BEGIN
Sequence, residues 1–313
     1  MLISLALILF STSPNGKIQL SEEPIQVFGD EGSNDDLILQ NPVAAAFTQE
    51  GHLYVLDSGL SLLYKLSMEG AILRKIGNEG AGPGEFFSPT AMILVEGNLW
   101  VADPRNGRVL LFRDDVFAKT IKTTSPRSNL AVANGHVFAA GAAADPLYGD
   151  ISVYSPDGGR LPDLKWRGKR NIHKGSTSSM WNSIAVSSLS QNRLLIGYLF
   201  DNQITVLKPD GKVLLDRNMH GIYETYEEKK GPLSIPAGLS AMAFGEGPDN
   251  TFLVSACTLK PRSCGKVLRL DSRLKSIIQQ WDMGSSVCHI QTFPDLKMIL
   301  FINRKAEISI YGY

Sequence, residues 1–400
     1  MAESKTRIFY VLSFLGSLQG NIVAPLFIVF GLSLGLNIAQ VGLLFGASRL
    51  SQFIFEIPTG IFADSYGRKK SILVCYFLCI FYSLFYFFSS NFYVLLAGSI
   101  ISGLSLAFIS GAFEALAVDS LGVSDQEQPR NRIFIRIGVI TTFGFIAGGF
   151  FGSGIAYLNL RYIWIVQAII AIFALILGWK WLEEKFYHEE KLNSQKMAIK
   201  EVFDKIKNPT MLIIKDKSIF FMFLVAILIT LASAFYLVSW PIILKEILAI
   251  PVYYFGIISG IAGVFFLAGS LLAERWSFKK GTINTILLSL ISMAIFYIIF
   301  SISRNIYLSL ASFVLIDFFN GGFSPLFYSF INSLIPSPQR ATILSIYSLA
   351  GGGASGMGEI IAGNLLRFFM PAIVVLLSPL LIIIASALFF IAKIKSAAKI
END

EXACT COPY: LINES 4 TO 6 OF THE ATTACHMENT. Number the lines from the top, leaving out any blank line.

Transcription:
   101  VADPRNGRVL LFRDDVFAKT IKTTSPRSNL AVANGHVFAA GAAADPLYGD
   151  ISVYSPDGGR LPDLKWRGKR NIHKGSTSSM WNSIAVSSLS QNRLLIGYLF
   201  DNQITVLKPD GKVLLDRNMH GIYETYEEKK GPLSIPAGLS AMAFGEGPDN